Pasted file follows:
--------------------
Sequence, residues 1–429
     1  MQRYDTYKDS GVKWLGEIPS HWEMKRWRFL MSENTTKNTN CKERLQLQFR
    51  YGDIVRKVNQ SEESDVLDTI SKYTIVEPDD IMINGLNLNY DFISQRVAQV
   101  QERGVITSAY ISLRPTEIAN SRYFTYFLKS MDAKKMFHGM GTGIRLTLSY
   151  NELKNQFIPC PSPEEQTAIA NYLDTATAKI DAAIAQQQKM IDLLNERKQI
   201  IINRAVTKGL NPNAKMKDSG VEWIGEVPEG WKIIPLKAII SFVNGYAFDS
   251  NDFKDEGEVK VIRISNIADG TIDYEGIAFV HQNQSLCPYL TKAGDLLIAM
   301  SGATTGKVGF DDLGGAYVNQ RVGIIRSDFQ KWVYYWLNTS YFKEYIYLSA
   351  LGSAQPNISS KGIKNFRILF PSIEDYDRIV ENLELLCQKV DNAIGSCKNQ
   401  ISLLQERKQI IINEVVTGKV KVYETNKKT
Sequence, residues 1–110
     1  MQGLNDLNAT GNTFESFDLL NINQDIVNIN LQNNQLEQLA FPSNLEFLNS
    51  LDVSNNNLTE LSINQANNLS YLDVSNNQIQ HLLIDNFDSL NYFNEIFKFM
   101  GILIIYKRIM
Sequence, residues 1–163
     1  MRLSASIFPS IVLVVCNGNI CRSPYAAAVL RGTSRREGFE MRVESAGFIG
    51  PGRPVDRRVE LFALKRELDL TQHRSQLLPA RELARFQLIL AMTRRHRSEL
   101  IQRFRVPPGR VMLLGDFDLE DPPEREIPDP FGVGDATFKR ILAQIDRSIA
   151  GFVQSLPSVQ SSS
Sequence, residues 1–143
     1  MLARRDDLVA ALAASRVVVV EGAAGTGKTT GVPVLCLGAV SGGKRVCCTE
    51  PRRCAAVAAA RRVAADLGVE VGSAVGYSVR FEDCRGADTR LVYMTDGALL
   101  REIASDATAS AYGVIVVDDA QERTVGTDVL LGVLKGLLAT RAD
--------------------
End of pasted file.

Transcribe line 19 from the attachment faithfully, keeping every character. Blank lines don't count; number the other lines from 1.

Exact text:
   151  GFVQSLPSVQ SSS